Former Cloquet cop files lawsuit against city, county

Scott Holman seeks more than $4 million; claims county attorney violated his civil rights

Scott Holman
Scott Holman

A former Cloquet Police Department officer filed a lawsuit this week alleging that he was the victim of a conspiracy that violated his civil rights and ultimately cost him his job.

Scott Holman — a CPD detective dismissed in June — is seeking damages in excess of $4 million in a lawsuit filed against Carlton County Attorney Lauri Ketola and Cloquet Ward 4 City Councilor Kerry Kolodge, as well as Carlton County and the city of Cloquet.

In the suit filed in U.S. District Court Wednesday, Jan. 15, Holman claims Ketola and Kolodge illegally conspired to discredit Holman and terminate his employment with the CPD.

In a 4-2 vote on June 4, Holman was terminated by the Cloquet City Council after the Carlton County Attorney’s Office claimed his testimony in court was not reliable.

Holman declined to comment for this story, but his attorney, Mike Padden, said Kolodge and the City Council were aware Ketola’s conduct was illegal, but cooperated to pursue the end goal of Holman’s termination from the police department.


“Rather than do backflips to protect the officer, a certain contingent of the city … assisted Ketola with the goal of termination. Our contention is that the ringleader of that whole process was Kolodge,” Padden said. “It was Kolodge that did it and therefore it was a conspiracy.”

Ketola also declined to comment, but her attorney, Vicki Hruby, said the claims in Holman's complaint are not valid, and Ketola plans to defend herself from the lawsuit.

"We do not believe that the allegations in the complaint have any merit," Hruby said. "The county and Lauri Ketola intend on vigorously defending this suit on the merit and believe that we will prevail."

Carlton County Coordinator Dennis Genereau declined to comment, but said the complaint had been forwarded to the county’s legal representatives.

Kolodge and Cloquet City Administrator Tim Peterson declined to comment on the case. Peterson said the city had not yet been officially served with the lawsuit.

Holman’s credibility questioned

On March 11, 2019, the Carlton County Attorney’s Office informed Daniel Lew, chief public defender for the Sixth Judicial District, in a Brady disclosure that Holman’s testimony may not be reliable.

The 1963 Supreme Court case Brady v. Maryland requires prosecutors to disclose material that could be favorable to defendants in criminal cases, including misconduct of law enforcement officers.

In Holman's case, the disclosure related to an incident in 2004 and his conduct on social media in July 2017.


Holman was disciplined by former police chief Wade Lamirande in 2004 after he missed a mandatory cold-weather firearms training session. Holman claimed he was sick, but was later seen out consuming alcoholic beverages. Lamirande suspended Holman for one day with pay and required him to write a formal letter of apology to the force.

In March 2018, Holman received an oral reprimand from then-Chief Jeff Palmer as a result of comments he made on Facebook using a pseudonym. The comments, made in July 2017, were critical of Ketola, Kolodge and former police chief Steve Stracek .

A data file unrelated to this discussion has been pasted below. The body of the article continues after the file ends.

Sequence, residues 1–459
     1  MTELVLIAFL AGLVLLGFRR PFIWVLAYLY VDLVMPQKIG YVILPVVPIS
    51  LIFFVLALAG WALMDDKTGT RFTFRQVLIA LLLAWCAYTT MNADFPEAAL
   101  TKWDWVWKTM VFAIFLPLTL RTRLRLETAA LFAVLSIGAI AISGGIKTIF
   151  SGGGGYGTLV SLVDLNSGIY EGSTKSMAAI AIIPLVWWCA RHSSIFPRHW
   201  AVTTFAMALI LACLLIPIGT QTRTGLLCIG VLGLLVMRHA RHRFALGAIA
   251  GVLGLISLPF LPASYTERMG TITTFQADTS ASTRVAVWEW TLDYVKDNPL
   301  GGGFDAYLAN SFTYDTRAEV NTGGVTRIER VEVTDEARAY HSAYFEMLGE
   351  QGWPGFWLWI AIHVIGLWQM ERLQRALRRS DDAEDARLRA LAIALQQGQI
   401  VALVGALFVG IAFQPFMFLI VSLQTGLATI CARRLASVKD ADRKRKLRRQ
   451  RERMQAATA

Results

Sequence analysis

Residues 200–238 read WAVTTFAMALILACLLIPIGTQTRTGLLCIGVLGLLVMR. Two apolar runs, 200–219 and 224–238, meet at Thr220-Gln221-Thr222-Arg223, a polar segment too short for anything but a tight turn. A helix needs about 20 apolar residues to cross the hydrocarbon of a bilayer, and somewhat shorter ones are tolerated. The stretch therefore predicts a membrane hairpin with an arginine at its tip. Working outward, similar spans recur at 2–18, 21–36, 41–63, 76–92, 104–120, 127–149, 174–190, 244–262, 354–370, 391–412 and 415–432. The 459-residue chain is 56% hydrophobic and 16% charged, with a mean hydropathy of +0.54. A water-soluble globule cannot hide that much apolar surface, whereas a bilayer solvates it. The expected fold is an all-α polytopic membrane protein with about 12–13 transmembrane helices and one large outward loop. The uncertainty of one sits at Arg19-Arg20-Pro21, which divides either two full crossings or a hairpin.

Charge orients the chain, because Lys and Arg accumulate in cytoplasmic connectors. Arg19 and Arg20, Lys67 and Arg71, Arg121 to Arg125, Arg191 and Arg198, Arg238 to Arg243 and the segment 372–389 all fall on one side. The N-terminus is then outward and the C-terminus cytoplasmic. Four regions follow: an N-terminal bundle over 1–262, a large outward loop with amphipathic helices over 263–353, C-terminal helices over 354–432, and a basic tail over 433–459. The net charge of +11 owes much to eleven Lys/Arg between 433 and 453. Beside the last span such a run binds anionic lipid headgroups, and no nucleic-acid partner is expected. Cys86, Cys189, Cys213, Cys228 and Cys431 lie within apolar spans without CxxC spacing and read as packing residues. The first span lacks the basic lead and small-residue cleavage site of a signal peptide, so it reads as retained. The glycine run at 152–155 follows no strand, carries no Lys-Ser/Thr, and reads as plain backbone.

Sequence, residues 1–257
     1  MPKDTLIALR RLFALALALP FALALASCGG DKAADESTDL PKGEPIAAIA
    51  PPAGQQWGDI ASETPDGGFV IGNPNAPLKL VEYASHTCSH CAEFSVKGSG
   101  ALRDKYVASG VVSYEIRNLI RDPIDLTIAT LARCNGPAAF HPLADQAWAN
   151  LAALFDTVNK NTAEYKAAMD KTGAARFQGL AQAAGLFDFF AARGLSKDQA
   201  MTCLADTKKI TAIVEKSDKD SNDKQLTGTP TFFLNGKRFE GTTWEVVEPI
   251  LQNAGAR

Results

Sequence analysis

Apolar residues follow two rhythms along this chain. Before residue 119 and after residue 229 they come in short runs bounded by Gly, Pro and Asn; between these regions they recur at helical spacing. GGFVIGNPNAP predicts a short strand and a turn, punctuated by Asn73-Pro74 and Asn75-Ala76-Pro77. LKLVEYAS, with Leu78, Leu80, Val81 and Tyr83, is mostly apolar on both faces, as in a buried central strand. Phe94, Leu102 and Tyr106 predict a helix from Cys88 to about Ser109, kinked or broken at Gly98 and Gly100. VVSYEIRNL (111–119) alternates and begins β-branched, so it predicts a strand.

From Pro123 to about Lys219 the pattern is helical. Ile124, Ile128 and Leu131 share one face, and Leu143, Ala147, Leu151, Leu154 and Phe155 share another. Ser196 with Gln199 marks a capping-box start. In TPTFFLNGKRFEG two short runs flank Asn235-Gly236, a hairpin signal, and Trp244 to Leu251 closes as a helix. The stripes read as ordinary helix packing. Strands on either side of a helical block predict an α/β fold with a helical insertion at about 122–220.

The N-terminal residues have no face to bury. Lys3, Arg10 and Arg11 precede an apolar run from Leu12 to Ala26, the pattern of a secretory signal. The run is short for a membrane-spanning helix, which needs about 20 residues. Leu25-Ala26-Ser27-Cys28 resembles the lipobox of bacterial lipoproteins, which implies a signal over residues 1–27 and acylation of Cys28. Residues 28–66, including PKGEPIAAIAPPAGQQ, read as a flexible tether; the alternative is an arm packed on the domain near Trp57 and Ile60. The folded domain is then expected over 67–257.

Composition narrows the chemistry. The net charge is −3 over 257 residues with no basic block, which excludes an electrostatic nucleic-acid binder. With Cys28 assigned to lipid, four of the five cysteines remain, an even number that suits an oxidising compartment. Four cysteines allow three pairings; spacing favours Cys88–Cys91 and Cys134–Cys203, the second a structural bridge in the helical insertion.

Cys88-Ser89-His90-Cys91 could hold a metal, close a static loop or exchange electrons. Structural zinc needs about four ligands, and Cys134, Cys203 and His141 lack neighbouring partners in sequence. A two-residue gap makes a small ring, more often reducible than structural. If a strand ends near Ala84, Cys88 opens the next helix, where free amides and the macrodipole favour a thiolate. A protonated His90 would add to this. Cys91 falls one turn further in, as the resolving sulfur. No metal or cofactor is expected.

Ketola took the extra step of informing Palmer she would not prosecute any cases that relied on Holman’s testimony, according to the lawsuit.

Ketola, Kolodge should have recused themselves, lawsuit says

The lawsuit contends Ketola was dissatisfied with the oral reprimand Holman received for the critical Facebook comments.

As a member of the Cloquet Citizens Advisory Board (CAB), Ketola advocated for a more severe punishment, according to the lawsuit. CAB is a three-member board appointed by the City Council to assist the police department with disciplinary procedures, public complaints and hiring procedures.

The lawsuit contends Ketola should have recused herself from the advisory board hearing because of the criticism Holman directed at her and because of the close relationship she had with Stracek.

Similarly, the suit says Kolodge should have recused himself from the vote to terminate Holman as he was a subject of Holman’s criticism and because he worked with Stracek at the Duluth Police Department.

Instead, the complaint claims, Ketola and Kolodge conspired with Stracek to discredit and humiliate Holman, ultimately causing his termination.


“It’s pretty straightforward. It’s obvious to us that the district attorney in question engaged in retaliatory conduct — when you look at the full scope of what happened here,” Padden said. “It’s clear this began when she was with the CAB and it evolved into a vendetta.”

Padden went on to say while the complaint is extremely complicated, “the four corners of that document” are supported by the facts and evidence it contains. He also claimed there is additional evidence to support Holman’s case that was not included in the complaint.

This story was updated at 2:10 p.m., Friday, Jan. 17, with a statement from Lauri Ketola's attorney. It was originally posted at 5 p.m. Thursday, Jan. 16.

Jamey Malcomb has a been high school sports reporter for the Duluth News Tribune since October 2021. He spent the previous six years covering news and sports for the Lake County News-Chronicle in Two Harbors and the Cloquet Pine Journal. He graduated from the George Washington University in 1999 with a bachelor's degree in history and literature and also holds a master's degree in secondary English education from George Mason University.
What To Read Next
Get Local